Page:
Bride of Frankenstein (1935)
Elsa Lanchester: Mary Wollstonecraft Shelley, The Monster's Mate
Mary Wollstonecraft Shelley : It's a perfect night for mystery and horror. The air itself is filled with monsters.
Mary Wollstonecraft Shelley : An audience needs something stronger than a pretty little love story. So, why shouldn't I write of monsters?
[Lord Byron looking out the window at a thunderstorm]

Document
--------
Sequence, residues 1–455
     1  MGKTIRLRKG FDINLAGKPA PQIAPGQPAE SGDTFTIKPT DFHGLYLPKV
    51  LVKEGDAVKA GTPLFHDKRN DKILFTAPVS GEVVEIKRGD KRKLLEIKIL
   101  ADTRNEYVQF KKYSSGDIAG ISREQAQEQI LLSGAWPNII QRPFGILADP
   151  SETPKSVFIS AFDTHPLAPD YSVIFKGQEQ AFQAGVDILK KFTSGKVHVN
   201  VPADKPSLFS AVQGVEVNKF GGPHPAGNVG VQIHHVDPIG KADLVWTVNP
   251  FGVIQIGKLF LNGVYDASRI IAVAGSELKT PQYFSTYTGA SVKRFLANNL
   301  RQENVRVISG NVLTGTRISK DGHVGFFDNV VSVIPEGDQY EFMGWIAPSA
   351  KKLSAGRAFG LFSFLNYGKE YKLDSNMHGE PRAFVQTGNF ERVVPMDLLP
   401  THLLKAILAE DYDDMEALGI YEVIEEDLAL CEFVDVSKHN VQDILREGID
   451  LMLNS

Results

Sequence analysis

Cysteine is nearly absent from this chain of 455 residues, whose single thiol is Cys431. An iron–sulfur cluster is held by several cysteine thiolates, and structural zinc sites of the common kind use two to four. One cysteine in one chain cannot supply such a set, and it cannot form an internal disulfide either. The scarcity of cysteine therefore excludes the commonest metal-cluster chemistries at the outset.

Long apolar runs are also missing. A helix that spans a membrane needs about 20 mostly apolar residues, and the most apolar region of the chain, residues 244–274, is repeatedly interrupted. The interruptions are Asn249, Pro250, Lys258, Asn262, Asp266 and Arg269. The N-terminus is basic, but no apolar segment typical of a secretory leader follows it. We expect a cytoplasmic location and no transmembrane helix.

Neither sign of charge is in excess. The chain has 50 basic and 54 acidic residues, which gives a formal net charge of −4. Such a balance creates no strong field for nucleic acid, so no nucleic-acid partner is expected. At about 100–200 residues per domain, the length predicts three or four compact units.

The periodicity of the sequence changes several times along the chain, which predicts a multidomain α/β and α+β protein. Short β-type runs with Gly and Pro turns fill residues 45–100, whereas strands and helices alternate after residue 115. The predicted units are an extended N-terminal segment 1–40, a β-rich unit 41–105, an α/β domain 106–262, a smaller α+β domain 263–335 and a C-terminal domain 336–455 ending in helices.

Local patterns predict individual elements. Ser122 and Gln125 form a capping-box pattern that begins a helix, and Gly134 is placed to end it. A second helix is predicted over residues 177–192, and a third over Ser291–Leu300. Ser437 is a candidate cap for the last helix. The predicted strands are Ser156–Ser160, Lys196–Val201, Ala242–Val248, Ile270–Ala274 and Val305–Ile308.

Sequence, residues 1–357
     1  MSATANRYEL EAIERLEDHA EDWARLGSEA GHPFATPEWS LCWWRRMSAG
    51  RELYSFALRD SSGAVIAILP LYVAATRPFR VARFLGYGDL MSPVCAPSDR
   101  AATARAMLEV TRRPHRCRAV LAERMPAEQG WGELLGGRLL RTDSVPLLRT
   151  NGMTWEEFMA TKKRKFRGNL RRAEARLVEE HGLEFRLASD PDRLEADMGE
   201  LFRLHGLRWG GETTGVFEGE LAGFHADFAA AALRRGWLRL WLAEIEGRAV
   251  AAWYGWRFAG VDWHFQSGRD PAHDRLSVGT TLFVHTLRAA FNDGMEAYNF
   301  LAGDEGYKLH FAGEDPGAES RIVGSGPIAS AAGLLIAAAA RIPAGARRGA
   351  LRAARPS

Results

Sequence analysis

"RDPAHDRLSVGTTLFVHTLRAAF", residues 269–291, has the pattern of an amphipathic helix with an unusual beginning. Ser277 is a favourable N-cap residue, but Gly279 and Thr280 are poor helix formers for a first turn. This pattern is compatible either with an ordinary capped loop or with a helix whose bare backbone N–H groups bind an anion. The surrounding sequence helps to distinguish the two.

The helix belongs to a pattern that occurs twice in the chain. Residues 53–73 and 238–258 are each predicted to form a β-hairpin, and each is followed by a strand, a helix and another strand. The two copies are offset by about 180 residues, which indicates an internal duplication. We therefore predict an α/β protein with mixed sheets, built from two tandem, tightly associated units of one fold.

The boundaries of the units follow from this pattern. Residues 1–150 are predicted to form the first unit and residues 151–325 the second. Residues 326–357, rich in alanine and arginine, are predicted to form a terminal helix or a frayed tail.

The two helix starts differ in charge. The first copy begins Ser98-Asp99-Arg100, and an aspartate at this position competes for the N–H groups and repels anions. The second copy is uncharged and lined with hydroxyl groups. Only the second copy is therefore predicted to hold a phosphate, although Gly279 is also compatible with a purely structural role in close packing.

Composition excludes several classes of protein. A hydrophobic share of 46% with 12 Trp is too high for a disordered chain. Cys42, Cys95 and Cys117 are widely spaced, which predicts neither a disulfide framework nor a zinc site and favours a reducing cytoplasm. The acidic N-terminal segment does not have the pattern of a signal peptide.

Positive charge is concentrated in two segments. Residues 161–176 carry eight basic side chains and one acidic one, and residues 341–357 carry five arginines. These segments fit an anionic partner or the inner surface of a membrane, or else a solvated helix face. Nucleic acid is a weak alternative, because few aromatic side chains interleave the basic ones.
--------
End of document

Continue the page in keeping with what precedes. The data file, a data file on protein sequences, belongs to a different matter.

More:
Lord Byron : How beautifully dramatic! The cruelest savage exhibition of nature at her worst without.
[turns to face Mary and Percy Shelley, both seated]
Lord Byron : And we three. We elegant three within. I should like to think that an irate Jehovah was pointing those arrows of lightning directly at my head. The unbowed head of George Gordon, Lord Byron. England's greatest sinner. But I cannot flatter myself to that extent. Possibly those thunders are for our dear Shelley. Heavens applause for England's greatest poet.
Percy Bysshe Shelley : What of my Mary?
Lord Byron : She's an angel.
Mary Wollstonecraft Shelley : You think so?